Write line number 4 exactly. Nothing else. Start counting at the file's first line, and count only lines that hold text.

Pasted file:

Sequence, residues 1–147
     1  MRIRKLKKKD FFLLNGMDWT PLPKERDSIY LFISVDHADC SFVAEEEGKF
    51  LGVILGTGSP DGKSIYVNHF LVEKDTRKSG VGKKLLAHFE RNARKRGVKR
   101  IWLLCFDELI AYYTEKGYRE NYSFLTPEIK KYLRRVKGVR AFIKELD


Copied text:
   101  IWLLCFDELI AYYTEKGYRE NYSFLTPEIK KYLRRVKGVR AFIKELD